I don't remember ever meeting my Uncle Flipper. He was one of my Dad's older brothers.  He was born 6 Jun 1922 and made transition on  39 Sep 1969 when I was sixteen.  His first appearance on a census record was the 1930 U.S. Federal Census. When the 1940 census records were released by the US National Archives on April 2, 2012, I was happy to see 17-year-old Flipper Burkette still in the household with his mother, Florence Burkette and his six siblings -- Joseph, Louis, Janice, Christine, Willis, Joan.

His given name is twice listed on the census records as Flipper.  In addition to "knowing" his name, there was a picture of Uncle Flipper in uniform among family pictures displayed throughout my parents home.

So finding Uncle Flipper in military records should be a breeze  --  I had his name, date of birth, place of birth, and where he lived.

Nothing in family history research is a breeze and I became a crazed woman trying to find his military records -- but at the time I was a rookie researcher. I found no Flipper Burkette or any variant of that name listed in military records.

When I asked my Dad, if Uncle Flipper had another name, he thought for awhile and said no, his name was Flipper.  Maybe that was his middle name, I prodded.  No . . .

When my Dad made transition in 2011, I came upon the only other picture I have seen of Uncle Flipper. This one was taken in France and he signed it "Flipper".  By now I was more knowledgeable about searching for ancestors and I also knew that the name a person was known by was not necessarily their given name.
Inscription on front: "Forever Yours . . . Flipper"
(on back) Marseille, France -- March 10, 1945

So I began searching for his military records again, eliminating the given name field.  I searched the surname Burkette and Burkett (which is listed both ways in the census) serving in the Army during World War II.  Lo and behold! There was Alexander Burkette with the same birth date listed in the census, from Detroit Michigan.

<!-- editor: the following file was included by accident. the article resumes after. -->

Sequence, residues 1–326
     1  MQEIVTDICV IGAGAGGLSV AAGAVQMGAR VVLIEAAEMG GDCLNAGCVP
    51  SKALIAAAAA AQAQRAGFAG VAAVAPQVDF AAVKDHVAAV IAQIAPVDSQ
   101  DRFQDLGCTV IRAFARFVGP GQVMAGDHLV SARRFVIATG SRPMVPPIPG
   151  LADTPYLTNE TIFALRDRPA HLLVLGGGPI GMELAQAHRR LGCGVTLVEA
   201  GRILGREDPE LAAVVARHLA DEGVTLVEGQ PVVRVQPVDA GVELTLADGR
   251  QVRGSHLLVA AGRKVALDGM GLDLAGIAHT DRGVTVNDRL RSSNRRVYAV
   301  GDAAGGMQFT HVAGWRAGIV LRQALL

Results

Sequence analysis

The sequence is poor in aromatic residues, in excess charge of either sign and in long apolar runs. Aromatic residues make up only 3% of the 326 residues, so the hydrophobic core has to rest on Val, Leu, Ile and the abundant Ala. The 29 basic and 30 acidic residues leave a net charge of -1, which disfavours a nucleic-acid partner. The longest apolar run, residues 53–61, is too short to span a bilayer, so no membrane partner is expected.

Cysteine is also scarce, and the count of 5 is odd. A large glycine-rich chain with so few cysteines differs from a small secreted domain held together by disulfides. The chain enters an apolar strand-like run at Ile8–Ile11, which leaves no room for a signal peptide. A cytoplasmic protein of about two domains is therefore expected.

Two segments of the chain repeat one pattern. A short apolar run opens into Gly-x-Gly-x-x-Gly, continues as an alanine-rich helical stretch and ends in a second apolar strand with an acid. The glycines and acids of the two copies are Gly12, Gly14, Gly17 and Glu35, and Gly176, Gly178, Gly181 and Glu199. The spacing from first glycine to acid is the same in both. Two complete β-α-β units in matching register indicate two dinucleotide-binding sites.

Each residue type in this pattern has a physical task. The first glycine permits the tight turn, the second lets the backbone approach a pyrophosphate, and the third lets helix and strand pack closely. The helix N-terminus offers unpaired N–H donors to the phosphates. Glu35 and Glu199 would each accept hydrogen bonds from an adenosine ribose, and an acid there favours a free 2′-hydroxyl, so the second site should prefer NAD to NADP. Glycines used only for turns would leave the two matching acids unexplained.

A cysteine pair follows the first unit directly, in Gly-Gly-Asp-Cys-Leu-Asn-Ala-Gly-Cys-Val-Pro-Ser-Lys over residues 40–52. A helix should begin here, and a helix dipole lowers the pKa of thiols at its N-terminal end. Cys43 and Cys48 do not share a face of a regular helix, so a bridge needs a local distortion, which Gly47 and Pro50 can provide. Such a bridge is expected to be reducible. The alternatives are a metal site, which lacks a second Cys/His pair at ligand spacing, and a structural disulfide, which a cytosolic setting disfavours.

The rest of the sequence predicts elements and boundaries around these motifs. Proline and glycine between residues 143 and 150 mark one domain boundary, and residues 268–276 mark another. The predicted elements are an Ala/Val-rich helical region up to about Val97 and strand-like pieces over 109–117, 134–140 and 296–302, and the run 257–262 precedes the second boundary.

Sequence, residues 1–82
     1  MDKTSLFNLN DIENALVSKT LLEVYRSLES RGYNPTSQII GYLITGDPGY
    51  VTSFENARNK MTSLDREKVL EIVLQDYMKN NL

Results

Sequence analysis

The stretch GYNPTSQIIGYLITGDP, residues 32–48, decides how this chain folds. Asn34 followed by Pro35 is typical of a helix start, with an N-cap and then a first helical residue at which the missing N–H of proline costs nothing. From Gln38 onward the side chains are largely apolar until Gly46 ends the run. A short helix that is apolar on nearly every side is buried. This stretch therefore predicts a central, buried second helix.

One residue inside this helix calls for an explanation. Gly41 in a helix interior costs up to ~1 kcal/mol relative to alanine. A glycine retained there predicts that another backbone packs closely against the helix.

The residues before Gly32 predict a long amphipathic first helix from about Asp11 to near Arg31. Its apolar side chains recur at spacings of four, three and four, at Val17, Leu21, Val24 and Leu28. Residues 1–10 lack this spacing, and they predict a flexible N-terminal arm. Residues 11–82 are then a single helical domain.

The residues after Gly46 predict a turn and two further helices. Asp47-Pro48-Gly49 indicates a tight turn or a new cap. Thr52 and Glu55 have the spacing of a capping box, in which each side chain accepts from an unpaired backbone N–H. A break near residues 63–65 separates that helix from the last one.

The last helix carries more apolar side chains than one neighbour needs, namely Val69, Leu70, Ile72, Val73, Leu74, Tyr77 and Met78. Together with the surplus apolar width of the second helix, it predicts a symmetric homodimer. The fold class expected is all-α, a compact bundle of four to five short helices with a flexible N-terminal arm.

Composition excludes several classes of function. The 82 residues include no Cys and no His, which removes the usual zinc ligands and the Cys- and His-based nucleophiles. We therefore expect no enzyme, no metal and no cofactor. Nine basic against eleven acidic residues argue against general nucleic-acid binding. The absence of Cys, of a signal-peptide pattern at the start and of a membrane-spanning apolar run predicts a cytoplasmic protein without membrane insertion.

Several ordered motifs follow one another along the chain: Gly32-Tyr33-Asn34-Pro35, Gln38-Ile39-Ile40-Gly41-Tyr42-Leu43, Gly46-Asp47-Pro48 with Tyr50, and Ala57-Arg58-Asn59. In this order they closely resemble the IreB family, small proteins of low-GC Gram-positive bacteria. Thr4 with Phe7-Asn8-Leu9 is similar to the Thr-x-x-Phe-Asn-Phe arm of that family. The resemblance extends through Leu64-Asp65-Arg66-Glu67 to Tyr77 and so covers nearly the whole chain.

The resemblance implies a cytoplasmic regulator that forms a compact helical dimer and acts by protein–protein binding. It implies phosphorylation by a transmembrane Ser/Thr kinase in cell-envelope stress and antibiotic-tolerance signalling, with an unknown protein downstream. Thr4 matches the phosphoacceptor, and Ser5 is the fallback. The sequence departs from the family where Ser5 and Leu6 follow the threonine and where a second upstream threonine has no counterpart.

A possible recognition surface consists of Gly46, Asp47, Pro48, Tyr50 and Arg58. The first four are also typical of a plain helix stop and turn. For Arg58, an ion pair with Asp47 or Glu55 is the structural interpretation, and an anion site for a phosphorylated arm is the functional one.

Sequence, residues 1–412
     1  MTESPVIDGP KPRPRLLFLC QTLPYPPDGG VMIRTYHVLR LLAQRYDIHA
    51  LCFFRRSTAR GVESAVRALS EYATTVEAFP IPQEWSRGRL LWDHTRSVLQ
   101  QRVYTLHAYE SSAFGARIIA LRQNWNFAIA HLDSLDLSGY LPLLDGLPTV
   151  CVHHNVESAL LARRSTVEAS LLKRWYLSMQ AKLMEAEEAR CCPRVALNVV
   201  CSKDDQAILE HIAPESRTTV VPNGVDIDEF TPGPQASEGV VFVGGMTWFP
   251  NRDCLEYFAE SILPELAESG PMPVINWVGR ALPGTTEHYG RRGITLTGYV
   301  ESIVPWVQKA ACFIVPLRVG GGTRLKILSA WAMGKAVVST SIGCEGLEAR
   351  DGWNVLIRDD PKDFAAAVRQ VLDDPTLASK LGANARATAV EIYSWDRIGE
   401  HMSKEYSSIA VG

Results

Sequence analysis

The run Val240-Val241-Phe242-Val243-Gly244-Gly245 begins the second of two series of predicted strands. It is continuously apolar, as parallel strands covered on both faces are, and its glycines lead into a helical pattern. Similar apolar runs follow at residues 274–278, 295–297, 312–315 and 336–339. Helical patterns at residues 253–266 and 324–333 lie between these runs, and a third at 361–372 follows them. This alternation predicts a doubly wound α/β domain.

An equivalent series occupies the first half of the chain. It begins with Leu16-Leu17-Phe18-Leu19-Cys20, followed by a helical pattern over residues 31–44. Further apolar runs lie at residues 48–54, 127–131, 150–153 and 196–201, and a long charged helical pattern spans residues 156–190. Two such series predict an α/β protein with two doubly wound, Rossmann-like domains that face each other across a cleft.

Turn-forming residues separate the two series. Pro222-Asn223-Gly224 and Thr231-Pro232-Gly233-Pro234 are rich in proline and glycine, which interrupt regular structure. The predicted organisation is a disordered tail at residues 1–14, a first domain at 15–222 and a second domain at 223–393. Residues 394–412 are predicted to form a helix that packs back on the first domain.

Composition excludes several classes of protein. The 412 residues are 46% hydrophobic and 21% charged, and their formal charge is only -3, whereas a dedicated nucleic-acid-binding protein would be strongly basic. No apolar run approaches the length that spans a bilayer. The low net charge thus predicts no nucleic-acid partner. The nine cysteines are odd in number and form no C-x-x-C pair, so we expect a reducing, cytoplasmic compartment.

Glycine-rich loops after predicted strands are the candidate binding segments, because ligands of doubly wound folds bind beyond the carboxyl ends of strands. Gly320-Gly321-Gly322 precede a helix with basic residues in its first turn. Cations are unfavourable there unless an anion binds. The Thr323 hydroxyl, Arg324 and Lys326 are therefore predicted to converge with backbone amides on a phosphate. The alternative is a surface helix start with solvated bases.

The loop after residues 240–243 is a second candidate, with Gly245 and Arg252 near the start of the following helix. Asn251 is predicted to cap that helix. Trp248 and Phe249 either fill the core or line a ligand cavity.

Well with the possibility of the right name I did find reference to Uncle Flipper's service records.  He served in the U.S. Army during World War II from 16 Jun 1943 to 4 Feb 1946  -  the dates coincide to the date on his picture. Studying the picture again, there IT was in the inscription: "Forever Yours Al (Flipper)". " Al" wasn't an abbreviation for Always, it was an abbreviation for Alexander!

With his correct name, I have been able to find his marriage record to Carrie Ward on 13 Oct 1942 in Detroit, Michigan. I also found his death record in the U.S. Department of Veterans Affairs BIRLS Death File, 1850-2010 as well as the U.S. Social Security Death Index, 1935-2014.

Lesson learned:  When a name is not the name, 

  • Question
  • Don't overlook clues
  • Use a variety of search techniques

Friday, November 18, 2016

It's My Turn, Presenting a Genealogy Webinar

On April 21, 2016 I presented my first genealogy webinar --  an introductory session on family history research as part of a webinar series sponsored by the National Association of Black Storytellers (NABS).  I've attended in plenty of genealogy webinars but being on the other side and presenting had me a tad anxious. However once I got into my presentation, time seemed to fly!

While the registration cut-off for the webinar was 50 people, 53 attended. I thoroughly enjoyed both the preparation and presentation. Preparing for this workshop forced me to look at my research in a critical way. It also challenged me to take a hard look at what I knew about genealogy research.